2009/6/18 Terry Reedy email@example.com:
Problem: Some functions iterate thru the input more than once. If the input is not an iterator, there is no problem: call iter(input) again. If the input is an iterator, that just returns the now-empty iterator. Bad.
So: The problem is to detect which case you have. In the bad case, call list(input) and iterate over that twice.
Which leaves two problems: 1. Detecting the 2 cases. 2. The cost of keeping all of the generated values in a list.
For 1, you actually don't need to detect the case of a container, just call list() anyway. Unless the input is so huge that having a second copy is a substantial cost, who cares?
For 2, you have 2 choices:
1. Document for callers that you'll be duplicating the input. Then your API isn't usable by people with infinite (or practically infinite) streams - but how much of a problem is this anyway?
2. Design a different API - maybe take explicit callable/arguments parameters. Then people passing a list have to do my_api(iter, L), but you're designing for huge iterators as input, so presumably you don't care about their convenience so much.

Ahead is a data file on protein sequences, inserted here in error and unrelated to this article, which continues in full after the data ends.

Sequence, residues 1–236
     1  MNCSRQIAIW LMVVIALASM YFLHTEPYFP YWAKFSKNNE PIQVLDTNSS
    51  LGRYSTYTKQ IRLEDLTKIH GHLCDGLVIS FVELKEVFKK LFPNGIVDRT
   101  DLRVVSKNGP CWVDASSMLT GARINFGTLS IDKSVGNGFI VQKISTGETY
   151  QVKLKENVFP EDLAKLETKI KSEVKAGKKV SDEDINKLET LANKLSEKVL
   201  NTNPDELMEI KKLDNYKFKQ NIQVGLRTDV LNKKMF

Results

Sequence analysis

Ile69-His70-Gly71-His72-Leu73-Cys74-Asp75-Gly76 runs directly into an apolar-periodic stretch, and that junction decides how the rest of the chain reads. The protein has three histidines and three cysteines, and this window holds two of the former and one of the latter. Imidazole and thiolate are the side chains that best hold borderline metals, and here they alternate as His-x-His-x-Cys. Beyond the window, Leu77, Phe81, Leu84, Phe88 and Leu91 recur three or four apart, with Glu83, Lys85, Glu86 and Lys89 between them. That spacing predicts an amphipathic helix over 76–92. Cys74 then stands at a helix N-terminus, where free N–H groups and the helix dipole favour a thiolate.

Actually, I think you *can* detect that you were passed an iterable - if "iter(it) is iter(it)" returns True, then that's when you need to copy. So you could document your API as copying the input if that condition is true. Then, if some user wants to use your function on a huge stream, they know what they are doing, and they can wrap their iterator in a class like your gfic (you could even document this technique in your documentation).
So all of this is entirely manageable within your documentation. You could put a sample up as cookbook code, as well, I guess. And honestly, I don't believe that the problem is common enough to warrant anything more - certainly not standard library support.
 There may be some edge cases I'm ignoring here.